Waste firm addresses climate change

An Enfield-based firm has become the first waste management company in the UK to offset its emissions to become carbon neutral.

ACM teamed up with Climate Care, a company which sells carbon credits built up by funding renewable energy project, energy efficiency schemes and reforestation all over the globe, to calculate its carbon footprint then neutralise the impact.

The company plans to take its commitment to protecting the environment one step further by funding CO2 reductions over and above what it actually emits.

Many processes used by the waste industry create emissions of greenhouse gases, from the methane created by decomposing landfill waste of composting to the vehicles used to collect and dispose of waste.

ACM chairman, Barry Bolton, said: "We are deeply concerned about global warming and as a climate conscious company it was very important to us to neutralise our negative environmental impact, but that alone is not enough.

"With the potentially catastrophic effects of global climate change threatening not only our businesses but also the lives of millions of people around the world it is vital that we start to repair the damage to ensure the well being of our planet for our children and generations to come.

"I believe that we are the first waste management company to do this and we will be actively encouraging all other businesses to do the same."

ACM is also working with Climate Care to investigate the possibility of making the waste management function of its customers climate neutral.

Mr Bolton said: "Good waste management practice is just one way that businesses can take positive steps to improve their environmental performance through recycling initiatives and the use of high-density compaction to reduce the number of waste collections and therefore the emissions from the associated vehicle movements."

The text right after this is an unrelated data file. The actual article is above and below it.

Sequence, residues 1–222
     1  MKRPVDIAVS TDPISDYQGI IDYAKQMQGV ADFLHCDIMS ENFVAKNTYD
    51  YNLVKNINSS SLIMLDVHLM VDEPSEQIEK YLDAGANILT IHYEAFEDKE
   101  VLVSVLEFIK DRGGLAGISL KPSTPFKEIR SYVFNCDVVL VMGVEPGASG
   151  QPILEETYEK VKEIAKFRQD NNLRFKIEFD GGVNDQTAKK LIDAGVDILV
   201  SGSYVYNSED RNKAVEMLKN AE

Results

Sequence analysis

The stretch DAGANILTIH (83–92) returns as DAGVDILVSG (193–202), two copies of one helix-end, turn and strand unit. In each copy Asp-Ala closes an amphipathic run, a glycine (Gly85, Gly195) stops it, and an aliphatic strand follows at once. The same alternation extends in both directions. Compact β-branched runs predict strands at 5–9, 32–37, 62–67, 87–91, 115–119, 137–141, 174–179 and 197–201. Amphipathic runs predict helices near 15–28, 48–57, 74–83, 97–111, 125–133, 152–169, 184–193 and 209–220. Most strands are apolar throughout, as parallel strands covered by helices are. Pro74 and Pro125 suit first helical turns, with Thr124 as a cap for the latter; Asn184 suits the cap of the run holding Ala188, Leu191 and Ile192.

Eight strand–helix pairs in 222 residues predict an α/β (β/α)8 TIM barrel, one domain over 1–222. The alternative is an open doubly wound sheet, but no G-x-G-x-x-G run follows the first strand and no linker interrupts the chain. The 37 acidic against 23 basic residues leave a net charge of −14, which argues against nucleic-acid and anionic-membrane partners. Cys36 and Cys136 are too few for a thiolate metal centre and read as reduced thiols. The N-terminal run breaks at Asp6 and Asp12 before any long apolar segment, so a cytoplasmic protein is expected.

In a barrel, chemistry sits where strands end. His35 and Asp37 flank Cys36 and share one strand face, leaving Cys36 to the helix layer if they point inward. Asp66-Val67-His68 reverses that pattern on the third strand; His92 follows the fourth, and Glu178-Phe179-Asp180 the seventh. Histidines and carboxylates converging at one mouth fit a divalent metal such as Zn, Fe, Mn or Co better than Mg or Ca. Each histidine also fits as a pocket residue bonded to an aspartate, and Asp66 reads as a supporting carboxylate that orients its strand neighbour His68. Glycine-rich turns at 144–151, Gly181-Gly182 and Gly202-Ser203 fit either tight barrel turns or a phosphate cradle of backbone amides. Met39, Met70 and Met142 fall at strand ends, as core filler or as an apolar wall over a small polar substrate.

He acknowledged this would still generate carbon emissions, albeit it on a smaller scale, but said it could be part of a long term solution if it became standard practice in waste management.

Climate Care director, Tom Morton, said: "When we met ACM we were very impressed by senior management's passion for dealing with the great unseen waste stream of our time - CO2 emissions.

"Not only is their core business reducing the amount of waste that their clients send to landfill, they are also accounting for the CO2 that their business generates.

"They have a strategy to reduce this and have committed to offsetting the remainder. We would encourage other companies in the sector to follow their lead."

ACM has also organised a conference to look at the overlap between climate change and waste, which will be held at London Zoo on Thursday, April 27.

The conference will outline ways that more sustainable waste management can help to reduce carbon emissions with Aubrey Meyer, the man generally credited with laying down the principles of contraction and convergence, among the line-up of keynote speakers.

In a nutshell contraction and convergence sidesteps the dilemma that dogs the Kyoto Protocol - how to include countries in the developing world - by arguing that global carbon emissions as a whole must come down, and there should be a meeting in the middle as industrialised countries reduce their share and developing nations are given a chance for continued growth.

More information on the conference can be found on the ACM website.

by Sam Bond



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